| > 1066
    | > MHz. The CPU clock : memory clock ratio as it appears on nVidia 680i
    SLI
    | > motherboards represents the FSB : memory bus ratio. DDR2 PC1066 memory
    is
    | > required to operate at a 1:1 FSB: memory bus ratio (unless lower rated
    | > memory is overclocked.)
    | >
    | > For this system
    | > E4300/ EVGA 680i / Patriot SLI-Ready DDR2 PC1066
    | > FSB at 1200 MHz for CPU speed of 2.7 GHz
    | >
    | > Three memory benchmarks in SiSoft Sandra 2007 ver 2007.4.11.22
    | > (Memory Latency, Cache and Memory, Memory Bandwidth)
    | > with memory timing held constant for all memory bus speeds
    | >
    | > (Memory timing settings in EVGA 680i BIOS)
    | > SLI Memory [Disabled]
    | > tCL: 5
    | > tRCD: 5
    | > tRP: 5
    | > tRAS: 16
    | > CMD: 2T
    | > tRRD: 3
    | > tRC: 21
    | > tWR: 9
    | > tREF: 7.8 ns
    | >
    | > Gave the following results with memory bus speeds of 400 MHz, 600 MHz,
    800
    | > MHz, 1200 MHz -
    | > __________
    | > Memory bus = 400 MHz
    | >
    | > **Memory Latency**
    | > Random 16 MByte 126.6 ns / 341.7 clocks
    | > Linear 16 MByte 15.4 ns / 41.6 clocks
    | >
    | > **Cache and Memory**
    | > Combined Index 12548
    | > Speed factor 104.6
    | >
    | > **Memory Bandwidth**
    | > Int. Buffered 4401
    | > Float Buffered 4368
    | > Est. Efficiency 46%
    | > ____________
    | > Memory bus = 600 MHz
    | >
    | > **Memory Latency**
    | > Random 16 MByte 91.8 ns / 247.8 clocks
    | > Linear 16 MBytes 11.7 ns / 31.6 clocks
    | >
    | > **Cache and Memory**
    | > Combined Index 15075
    | > Speed factor 68.7
    | >
    | > **Memory Bandwidth**
    | > Int. Buffered 5567
    | > Float Buffered 5091
    | > Est. Efficiency 58%
    | > __________
    | > Memory bus = 800 MHz
    | >
    | > **Memory Latency**
    | > Random 16 MByte 81.9 ns / 221.2 clocks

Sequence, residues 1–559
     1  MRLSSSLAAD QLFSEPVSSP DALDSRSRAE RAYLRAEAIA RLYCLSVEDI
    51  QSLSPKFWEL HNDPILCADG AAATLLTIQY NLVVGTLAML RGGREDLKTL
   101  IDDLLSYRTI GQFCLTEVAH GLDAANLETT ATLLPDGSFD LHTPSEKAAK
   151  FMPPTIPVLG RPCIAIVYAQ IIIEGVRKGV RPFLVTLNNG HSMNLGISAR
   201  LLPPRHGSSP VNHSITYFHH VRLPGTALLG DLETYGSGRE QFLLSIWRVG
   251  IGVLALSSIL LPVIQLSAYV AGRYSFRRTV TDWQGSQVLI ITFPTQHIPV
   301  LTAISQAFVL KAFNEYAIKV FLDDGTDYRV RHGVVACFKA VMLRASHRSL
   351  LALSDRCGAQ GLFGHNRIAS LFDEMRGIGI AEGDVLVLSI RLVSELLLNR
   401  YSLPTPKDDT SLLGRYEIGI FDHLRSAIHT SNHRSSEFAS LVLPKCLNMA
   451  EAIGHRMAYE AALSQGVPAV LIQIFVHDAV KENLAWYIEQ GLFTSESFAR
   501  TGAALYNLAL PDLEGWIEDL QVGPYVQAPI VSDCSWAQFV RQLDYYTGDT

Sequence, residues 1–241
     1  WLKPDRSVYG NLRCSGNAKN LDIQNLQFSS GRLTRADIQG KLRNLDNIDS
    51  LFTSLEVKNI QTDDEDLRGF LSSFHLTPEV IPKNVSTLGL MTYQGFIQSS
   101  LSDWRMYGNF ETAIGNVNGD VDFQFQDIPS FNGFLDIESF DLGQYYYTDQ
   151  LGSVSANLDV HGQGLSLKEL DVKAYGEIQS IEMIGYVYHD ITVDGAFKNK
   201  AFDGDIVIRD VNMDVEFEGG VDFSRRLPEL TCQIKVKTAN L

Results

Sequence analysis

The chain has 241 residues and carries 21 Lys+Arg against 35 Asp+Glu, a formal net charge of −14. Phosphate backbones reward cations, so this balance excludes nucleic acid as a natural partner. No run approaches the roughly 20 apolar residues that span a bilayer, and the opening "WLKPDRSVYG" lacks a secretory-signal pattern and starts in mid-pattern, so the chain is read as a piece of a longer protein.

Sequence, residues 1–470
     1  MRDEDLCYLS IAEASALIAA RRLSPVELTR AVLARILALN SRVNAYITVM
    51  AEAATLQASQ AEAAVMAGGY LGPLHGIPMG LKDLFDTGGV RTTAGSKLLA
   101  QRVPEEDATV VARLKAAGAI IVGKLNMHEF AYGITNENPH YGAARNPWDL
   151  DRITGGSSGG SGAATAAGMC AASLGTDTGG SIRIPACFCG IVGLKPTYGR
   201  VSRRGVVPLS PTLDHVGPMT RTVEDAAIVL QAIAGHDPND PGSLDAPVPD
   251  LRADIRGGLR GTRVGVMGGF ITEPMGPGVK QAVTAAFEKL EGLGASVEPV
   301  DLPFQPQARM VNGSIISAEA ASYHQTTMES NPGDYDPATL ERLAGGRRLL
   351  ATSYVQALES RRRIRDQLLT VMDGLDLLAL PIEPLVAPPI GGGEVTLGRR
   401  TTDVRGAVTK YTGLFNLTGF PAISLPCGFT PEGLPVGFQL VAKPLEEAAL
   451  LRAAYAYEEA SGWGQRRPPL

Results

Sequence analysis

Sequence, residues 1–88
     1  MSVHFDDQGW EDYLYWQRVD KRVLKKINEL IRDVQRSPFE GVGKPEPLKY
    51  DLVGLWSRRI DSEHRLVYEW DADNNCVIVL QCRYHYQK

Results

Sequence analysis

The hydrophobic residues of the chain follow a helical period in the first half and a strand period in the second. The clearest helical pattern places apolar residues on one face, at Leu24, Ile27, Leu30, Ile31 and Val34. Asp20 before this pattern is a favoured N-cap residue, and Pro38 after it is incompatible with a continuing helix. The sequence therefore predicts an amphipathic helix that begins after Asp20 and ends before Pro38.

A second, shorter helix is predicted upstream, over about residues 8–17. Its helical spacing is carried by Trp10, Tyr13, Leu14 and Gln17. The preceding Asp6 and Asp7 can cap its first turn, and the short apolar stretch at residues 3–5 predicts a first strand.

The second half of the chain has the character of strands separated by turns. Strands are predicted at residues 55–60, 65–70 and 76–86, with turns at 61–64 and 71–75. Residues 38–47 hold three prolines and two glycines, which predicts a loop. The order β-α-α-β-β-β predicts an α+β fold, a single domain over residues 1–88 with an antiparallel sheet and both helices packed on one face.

| > Linear 16 MByte 11.1 ns / 29.9 clocks
    | >
    | > **Cache and Memory**
    | > Combined Index 166384
    | > Speed factor 53.4
    | >
    | > **Memory Bandwidth**
    | > Int. Buffered 6042
    | > Float Buffered 6021
    | > Est. Efficiency 63%
    | > __________
    | > Memory bus = 1200 MHz
    | >
    | > **Memory Latency**
    | > Random 16 MByte 63.5 ns / 171.3 clocks
    | > Linear 16 MByte 9.3 ns / 25.4 clocks
    | >
    | > **Cache and Memory**
    | > Combined Index 19725
    | > Speed Factor 36.9
    | >
    | > **Memory Bandwidth**
    | > Int. Buffered: 6438
    | > Float Buffered 6442
    | > Est. Efficiency 67%
    | > __________
    | >
    | > Hope this helps.
    | >
    | > Phil Weldon
    | >
    | >
    |
    |
     
    Phil Weldon, Apr 24, 2007
    #10
  11. SLI is the way nVidia make two video cards work in parallel. I don't know
    however why the main memory should be SLI ready????
    Because I don't know how SLI works. I guess it has to do with how the master
    and slave video cards share the video data.

    Michka

     
    M. R. Carleer, Apr 24, 2007
    #11
  12. Phil,
    My tCMD is 4. With the BIOS of the P5W DH, I don't have access to the
    additional timings you mention. Those are taken directly from the SPD. I
    have no control on them, nor can I see their value in the BIOS.
    I am using DDR2 667 (PC2-5300) mem modules. I/O bus clock = 333 MHz (the
    same as the FSB clock, hence the 1:1 ratio per CPU-Z definition) and
    internal mem clock = 166 MHz.
    One thing we did not discuss: there is no direct link between the CPU and
    the mem. The CPU and the mem communicate through the northbridge.
    Anyway, there seems to be various definitions of the ratio and the way mem
    modules are named.
    If using your definition (the one you use, that is), my mem modules would be
    PC1333, not PC1066. It is made of DDR2 667 chips.
    The chips are 8 bits wide, and my definition of PC-something (once again,
    the one I use) is PC2-5300 because the mem bus is 64 bits wide.

    Michka

     
    M. R. Carleer, Apr 24, 2007
    #12
  13. Phil Weldon

    Phil Weldon Guest

    'Thomas' wrote, in part:
    | What does SLI memory mean? It's not eVGA's way of saying 'dual channel' ?